# Taking insurance at +3> doesn’t make sense . . . ?

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Taking insurance at +3> doesn’t make sense . . . ?

If I understand this correctly, insurance is a completely different side bet on whether the dealers hole card is a ten or not. If so, it’d stand to reason that chances would only be in your favor to take the bet if there are more ten cards in the shoe than non-ten cards. But a true count of plus 3 or higher is nowhere near high enough of a count for the rest of the shoe to be more tens than non-tens.

If I take a deck of cards and take out 3 positive cards, the ratio of tens to non-tends is still far below 50/50.

We’d have to assume that all of the neutral cards in the deck have already been dealt in order to make an accurate judgement of whether it’s advantageous to take insurance or not.

Where am I going wrong in my thinking?

If I understand this correctly, insurance is a completely different side bet on whether the dealers hole card is a ten or not. If so, it’d stand to reason that chances would only be in your favor to take the bet if there are more ten cards in the shoe than non-ten cards. But a true count of plus 3 or higher is nowhere near high enough of a count for the rest of the shoe to be more tens than non-tens.

If I take a deck of cards and take out 3 positive cards, the ratio of tens to non-tends is still far below 50/50.

We’d have to assume that all of the neutral cards in the deck have already been dealt in order to make an accurate judgement of whether it’s advantageous to take insurance or not.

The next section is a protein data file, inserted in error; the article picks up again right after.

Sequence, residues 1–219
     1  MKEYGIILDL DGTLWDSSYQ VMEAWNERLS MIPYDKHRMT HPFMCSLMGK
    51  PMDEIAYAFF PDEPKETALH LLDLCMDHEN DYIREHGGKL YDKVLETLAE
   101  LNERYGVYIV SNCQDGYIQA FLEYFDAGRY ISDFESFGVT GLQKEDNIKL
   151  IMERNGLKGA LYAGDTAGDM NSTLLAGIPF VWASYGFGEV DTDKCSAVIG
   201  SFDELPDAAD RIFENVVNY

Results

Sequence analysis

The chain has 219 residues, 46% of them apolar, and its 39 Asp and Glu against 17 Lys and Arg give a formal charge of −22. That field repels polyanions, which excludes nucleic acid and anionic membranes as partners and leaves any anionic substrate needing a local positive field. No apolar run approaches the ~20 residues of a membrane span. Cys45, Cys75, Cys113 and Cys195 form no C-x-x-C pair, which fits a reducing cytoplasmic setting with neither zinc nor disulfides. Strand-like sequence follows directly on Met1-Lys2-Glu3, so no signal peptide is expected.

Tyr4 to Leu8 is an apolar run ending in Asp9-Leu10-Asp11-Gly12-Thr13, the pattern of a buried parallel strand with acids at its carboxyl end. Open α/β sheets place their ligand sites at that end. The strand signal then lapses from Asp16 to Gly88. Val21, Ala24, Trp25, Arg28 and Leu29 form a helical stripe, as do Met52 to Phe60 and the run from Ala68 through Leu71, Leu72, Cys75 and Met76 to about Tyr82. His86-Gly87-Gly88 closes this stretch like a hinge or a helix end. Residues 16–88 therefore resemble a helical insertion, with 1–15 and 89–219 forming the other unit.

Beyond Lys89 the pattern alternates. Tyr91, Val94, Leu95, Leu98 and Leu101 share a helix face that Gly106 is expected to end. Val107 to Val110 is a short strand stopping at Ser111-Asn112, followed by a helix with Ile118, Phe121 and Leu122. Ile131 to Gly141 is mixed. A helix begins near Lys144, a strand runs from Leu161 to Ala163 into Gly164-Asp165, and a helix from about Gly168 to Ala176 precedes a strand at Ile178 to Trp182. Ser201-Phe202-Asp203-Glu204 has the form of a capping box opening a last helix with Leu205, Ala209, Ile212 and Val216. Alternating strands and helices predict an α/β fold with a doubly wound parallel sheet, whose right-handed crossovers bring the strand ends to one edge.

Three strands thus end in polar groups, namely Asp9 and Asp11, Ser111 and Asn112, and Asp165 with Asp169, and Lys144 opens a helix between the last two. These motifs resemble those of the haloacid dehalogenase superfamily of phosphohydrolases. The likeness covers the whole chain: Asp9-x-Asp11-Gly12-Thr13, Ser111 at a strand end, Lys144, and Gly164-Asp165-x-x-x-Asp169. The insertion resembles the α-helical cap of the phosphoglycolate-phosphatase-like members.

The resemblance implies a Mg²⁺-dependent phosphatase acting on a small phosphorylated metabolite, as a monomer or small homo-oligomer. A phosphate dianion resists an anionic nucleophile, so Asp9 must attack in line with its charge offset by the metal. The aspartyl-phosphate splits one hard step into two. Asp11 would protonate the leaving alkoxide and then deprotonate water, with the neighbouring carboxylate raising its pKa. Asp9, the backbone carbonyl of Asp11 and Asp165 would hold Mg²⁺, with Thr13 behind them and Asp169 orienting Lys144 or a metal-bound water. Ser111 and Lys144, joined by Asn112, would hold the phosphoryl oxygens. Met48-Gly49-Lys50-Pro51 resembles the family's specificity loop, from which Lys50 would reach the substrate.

Where am I going wrong in my thinking?

The bet pays 2:1 so half as many tens make it break even.

Here’s something to think about…

in a single deck game, there are 52 cards. If you’re using HI-Opt I, it says to take insurance at +3 (yes I realize it’s actually lower than +3 at single deck but ignore that for one minute) This essentially means that if there are 16/49 cards left that are 10 cards. However 16/49= .3265 Since we only get 2-1, we need a ratio of higher than .33333 to make it worth taking the bet. 16/48 (.33333) would be +4 TC, so if this is the case, why do we generally take insurance at +3 instead of over +4????

I take an opposite stance to those looking to split hairs and take insurance solely when it is a profitable action.

There are other considerations.

None other than the redoubtable A.P. demi-god

James Grosjeanpromulgates taking Insurance for reasons of variance reduction.I add to that the good value it has as a “cover play”

I suggest taking “

even money” at (Hi-Lo)≥+1and insuring your “20’s” at (Hi-Lo)≥+2.Here’s something to think about…

in a single deck game, there are 52 cards. If you’re using HI-Opt I, it says to take insurance at +3 (yes I realize it’s actually lower than +3 at single deck but ignore that for one minute) This essentially means that if there are 16/49 cards left that are 10 cards. However 16/49= .3265 Since we only get 2-1, we need a ratio of higher than .33333 to make it worth taking the bet. 16/48 (.33333) would be +4 TC, so if this is the case, why do we generally take insurance at +3 instead of over +4????

Most people floor their TC estimates and many cards are neutral. The play assumes the neutral cards are depleted as average would expect. If your TC is +3 because three 3 to 6 cards are played and no face cards the assumption is 1 neutral card is played. That gives 16/48 for a TC of +3 were 3 cards are counted. You may know the assumption is wrong but that’s why the index is +3.

On average the assumption is right. Sometimes 7,8, and 9 will be under-depleted making the +3 index too low, but sometimes they’ll be over-depleted making it unnecessarily high. So yes, there is some “noise”, but in the long run it should balance out. Likewise if you placed just 10 bets you’re likely to be very far away from your EV (relative to amount bet), but if you placed 10,000,000 you’ll very probably be at almost exactly your EV.

Additionally ANY positive count will make the insurance bet “less bad” than it normally is. An EXTREME positive count will make the insurance bet very valuable.